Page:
“To get things done in politics, you sometimes have to be a hypocrite.”
The Christian needs to understand that if hypocrisy is required, this eliminates any moral credibility of the entire profession. The biblical worldview simply doesn’t allow us to come up with any justification for hypocrisy. That is absolutely ruled out in terms of a biblical understanding of morality, character and personal integrity. Perhaps reduced to its simplest essence, the issue is this; we shouldn’t allow of our politicians anything we wouldn’t allow of our second grader.
Study indicates secular people tend to invest greater trust in those who are religious
Next, the importance of worldview sometimes shows up in unexpected places. Sometimes it takes the form of people effectively in an article scratching their heads, trying to figure out what’s going on. That was the case in the weekend edition of the Wall Street Journal in an article by Susan Pinker in the “Mind and Matter” column. The headline,
“When We Display Our Piety, Our Social Stock Rises.”
“One of the many unusual aspects of this presidential campaign has been how little the candidates have discussed religion. Compare this with two previous presidential contenders, among many others who publicly affirmed their faith.”
She cites George W. Bush and also Jimmy Carter, the first in the year 2000 and the second in the 1980 election. But then she makes the suggestion,
“Perhaps one reason for the change is that ‘none’ is the fastest-growing major religious affiliation in America, as a Pew Research Center survey showed last year.”
She then says,
“Given this shifting terrain, does being visibly devout still signal that you can be trusted?”
The next words,
“Surprisingly, the answer is yes.”
Susan Pinker makes the argument that both of the major candidates this year would have strengthened their political positions if they had publicly associated themselves with Christianity or with some kind of strong religious belief. That tells us something about the American voter. It tells us something about a basic instinct that should interest us greatly. Pinker then says,
“People perceive signs of religious observance in others as a measure of dependability, new research shows.”
Researchers, she says, have found that college students and others being tested actually invested greater confidence in individuals who even gave symbolic nods of the head to some kind of authentic religious belief. Students, for example, were likely to invest greater trust in someone who is even wearing a Christian symbol.
“The researchers were surprised to discover that a person wearing Christian religious symbols prompted powerful feelings of trust, not only among fellow Christians but also among secular students and members of other religions.”
Pinker suggests and this is also interesting, that people actually invest greater trust in someone who identifies with a strong religious belief or practice regardless of what that religion is. Now the interest in this article has nothing to do with some kind of religious relativism. Christians understand that it does indeed matter what that theology is. But the interesting thing is that we are told that even secular people invest greater trust in people they perceive to be, well, let’s just say it, unsecular. Pinker concludes her article,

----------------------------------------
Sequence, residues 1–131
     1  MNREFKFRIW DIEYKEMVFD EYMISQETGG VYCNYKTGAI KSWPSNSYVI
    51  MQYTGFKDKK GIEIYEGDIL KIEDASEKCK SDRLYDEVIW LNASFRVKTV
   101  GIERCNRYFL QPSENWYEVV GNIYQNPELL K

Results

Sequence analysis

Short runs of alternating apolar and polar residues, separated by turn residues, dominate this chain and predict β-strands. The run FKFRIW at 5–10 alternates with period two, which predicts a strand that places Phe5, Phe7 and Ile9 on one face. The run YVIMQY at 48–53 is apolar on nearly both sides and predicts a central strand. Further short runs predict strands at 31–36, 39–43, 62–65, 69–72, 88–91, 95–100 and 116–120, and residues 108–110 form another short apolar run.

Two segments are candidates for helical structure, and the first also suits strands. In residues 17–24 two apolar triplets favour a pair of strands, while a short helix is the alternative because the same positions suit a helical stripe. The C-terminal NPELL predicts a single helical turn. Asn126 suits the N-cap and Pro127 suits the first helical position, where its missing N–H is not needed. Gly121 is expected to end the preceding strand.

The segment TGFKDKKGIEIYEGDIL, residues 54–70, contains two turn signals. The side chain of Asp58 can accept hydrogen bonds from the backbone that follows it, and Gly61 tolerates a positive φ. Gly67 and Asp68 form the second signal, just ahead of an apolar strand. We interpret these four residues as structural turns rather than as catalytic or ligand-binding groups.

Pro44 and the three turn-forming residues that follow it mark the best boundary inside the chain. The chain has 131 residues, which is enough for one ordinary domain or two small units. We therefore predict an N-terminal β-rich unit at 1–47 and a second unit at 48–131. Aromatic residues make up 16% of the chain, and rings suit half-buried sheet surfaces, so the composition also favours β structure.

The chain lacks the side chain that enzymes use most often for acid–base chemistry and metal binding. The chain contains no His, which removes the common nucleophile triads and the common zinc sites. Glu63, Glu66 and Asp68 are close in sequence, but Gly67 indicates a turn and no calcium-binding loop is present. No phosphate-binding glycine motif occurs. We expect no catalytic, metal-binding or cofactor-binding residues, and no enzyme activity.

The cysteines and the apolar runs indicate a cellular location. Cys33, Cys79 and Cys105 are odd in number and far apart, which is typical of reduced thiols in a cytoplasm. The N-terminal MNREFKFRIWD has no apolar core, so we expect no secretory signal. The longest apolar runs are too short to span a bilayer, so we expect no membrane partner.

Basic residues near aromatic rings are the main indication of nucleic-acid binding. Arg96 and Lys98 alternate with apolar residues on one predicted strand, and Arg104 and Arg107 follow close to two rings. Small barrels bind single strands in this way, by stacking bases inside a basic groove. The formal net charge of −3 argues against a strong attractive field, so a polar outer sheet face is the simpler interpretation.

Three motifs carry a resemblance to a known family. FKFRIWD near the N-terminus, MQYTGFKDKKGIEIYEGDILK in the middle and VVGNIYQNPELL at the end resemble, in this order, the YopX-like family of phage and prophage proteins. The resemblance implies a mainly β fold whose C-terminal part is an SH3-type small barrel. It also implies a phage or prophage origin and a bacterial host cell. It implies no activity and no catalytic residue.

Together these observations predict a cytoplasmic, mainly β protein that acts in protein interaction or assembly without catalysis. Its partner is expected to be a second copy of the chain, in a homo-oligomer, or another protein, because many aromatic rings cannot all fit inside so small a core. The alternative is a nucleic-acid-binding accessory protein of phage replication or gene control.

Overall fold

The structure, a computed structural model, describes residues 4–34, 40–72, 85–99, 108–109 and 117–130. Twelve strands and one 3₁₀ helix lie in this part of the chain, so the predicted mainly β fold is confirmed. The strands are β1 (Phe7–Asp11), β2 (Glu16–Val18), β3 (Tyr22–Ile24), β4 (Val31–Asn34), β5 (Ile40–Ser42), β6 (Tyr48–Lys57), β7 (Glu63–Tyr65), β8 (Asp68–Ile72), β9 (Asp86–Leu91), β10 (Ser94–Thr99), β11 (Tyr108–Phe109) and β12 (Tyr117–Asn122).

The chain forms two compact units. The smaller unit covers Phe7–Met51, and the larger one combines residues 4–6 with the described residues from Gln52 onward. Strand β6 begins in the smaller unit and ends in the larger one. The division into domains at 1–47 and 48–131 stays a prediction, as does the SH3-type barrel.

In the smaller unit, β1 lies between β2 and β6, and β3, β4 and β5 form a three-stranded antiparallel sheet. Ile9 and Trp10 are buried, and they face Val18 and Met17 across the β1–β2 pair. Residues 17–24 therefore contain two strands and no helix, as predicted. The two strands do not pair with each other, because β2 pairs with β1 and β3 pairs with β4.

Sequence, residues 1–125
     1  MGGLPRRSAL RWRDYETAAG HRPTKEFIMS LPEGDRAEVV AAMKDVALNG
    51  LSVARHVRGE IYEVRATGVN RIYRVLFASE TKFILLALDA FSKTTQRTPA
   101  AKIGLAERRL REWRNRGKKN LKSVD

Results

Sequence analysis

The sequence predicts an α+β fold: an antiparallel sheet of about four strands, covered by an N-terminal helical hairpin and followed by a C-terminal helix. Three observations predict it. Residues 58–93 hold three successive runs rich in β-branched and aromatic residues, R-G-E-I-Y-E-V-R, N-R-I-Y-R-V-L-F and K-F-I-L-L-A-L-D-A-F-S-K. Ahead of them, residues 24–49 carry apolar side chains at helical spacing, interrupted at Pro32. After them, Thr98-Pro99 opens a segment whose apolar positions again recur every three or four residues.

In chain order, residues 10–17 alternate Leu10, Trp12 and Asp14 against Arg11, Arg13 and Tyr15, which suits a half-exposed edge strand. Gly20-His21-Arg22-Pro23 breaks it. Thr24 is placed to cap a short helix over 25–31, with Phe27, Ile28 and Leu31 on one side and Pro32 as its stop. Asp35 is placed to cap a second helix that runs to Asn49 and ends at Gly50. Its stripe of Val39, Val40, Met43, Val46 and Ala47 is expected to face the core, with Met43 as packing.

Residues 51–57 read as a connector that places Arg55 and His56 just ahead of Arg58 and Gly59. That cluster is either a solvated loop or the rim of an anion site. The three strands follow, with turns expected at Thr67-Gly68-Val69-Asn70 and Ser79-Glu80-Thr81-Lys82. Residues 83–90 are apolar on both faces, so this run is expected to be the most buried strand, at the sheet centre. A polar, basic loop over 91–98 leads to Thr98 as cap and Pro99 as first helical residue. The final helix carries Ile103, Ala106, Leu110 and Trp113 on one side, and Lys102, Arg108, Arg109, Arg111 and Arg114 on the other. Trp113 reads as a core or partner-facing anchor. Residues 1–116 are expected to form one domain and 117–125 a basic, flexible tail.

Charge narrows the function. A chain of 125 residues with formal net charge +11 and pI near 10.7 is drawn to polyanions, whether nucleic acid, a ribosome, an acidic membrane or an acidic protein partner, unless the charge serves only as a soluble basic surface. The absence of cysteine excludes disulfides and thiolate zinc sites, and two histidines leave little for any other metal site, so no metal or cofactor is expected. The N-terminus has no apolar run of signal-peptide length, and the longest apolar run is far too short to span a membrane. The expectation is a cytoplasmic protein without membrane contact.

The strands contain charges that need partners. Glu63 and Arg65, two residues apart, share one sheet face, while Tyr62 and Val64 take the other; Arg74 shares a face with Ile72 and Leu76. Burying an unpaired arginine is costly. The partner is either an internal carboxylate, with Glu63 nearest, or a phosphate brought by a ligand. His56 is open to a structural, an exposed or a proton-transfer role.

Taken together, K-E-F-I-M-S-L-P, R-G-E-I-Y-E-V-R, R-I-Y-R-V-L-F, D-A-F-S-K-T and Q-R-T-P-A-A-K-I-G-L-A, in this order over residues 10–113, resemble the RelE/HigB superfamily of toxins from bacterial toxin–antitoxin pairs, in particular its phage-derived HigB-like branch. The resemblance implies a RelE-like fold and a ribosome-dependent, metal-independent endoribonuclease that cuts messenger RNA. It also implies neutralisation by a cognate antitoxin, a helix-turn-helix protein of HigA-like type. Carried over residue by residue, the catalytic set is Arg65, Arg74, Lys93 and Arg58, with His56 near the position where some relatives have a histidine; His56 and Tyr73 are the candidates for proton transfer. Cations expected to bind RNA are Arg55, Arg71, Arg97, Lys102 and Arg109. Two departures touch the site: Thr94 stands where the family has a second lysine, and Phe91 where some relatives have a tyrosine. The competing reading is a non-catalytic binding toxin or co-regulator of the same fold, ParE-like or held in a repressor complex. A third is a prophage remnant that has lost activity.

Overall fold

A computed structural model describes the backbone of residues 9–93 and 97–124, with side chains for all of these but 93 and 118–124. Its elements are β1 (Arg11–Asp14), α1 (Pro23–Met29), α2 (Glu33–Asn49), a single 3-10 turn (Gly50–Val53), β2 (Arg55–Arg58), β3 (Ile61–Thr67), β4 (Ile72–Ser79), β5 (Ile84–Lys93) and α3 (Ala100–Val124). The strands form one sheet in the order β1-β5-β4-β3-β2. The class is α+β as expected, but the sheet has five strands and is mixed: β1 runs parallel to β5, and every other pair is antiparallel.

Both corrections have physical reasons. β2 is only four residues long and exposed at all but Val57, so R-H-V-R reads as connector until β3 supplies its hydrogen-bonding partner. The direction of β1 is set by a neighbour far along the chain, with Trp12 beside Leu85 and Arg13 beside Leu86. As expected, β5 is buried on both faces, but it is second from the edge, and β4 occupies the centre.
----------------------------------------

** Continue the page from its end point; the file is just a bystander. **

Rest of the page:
“Such religious displays make us more likely to turn to these people for leadership. Today’s presidential contenders would perhaps benefit from a greater show of reverence. The harder they work to convey that they believe in something greater than themselves, the more credible they will be to voters.”
Now let’s consider this is a secular analysis. It’s not judging this from a Christian perspective; certainly it’s not applying any kind of test of Christian theology. But what’s really interesting is that it tells us something that the Bible affirms. And that is that personal integrity and credibility are certainly enhanced by someone who has strong theistic beliefs. The religious practices that operate in this article and in this research are signals of an underlying belief system. And that’s what’s really interesting, the fact that even secular people invest greater trust in those who have religious beliefs tells us that there must be something, as the Bible would make clear, in even secular people that makes them understand the importance of belief, even when they do not hold those beliefs or share those beliefs.
Now the last thing that biblical Christian should want is someone posing when it comes to religious belief. That would be just another form of hypocrisy. I’m not really interested in what politicians might do in order to try to gain votes by appearing more credible, by offering some kind of evidence of religious practice or devotion that isn’t real. What does interest me as a Christian is that here you have a secular scientist recognizing that, evidently, even secular people understand that greater trust is to be invested in those who do have theological beliefs.
Perhaps the most important sentence of the entire column is that final sentence.
“The harder they work to convey that they believe in something greater than themselves, the more credible they will be to voters.”
Well, let’s just turn that around as we close. What would it mean for someone who does claim to have a secular worldview to be unable to come up with anything greater than themselves? It tells us something about a spiritual hunger that is there, that even these unbelievers invest greater trust in those who are believers, those who do believe in something, indeed in someone, greater than themselves.